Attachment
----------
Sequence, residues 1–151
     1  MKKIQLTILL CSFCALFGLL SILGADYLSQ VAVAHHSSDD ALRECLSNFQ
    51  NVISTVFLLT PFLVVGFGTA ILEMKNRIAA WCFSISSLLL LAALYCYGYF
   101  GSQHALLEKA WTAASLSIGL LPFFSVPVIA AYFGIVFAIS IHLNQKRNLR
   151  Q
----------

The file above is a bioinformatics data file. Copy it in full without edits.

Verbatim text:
Sequence, residues 1–151
     1  MKKIQLTILL CSFCALFGLL SILGADYLSQ VAVAHHSSDD ALRECLSNFQ
    51  NVISTVFLLT PFLVVGFGTA ILEMKNRIAA WCFSISSLLL LAALYCYGYF
   101  GSQHALLEKA WTAASLSIGL LPFFSVPVIA AYFGIVFAIS IHLNQKRNLR
   151  Q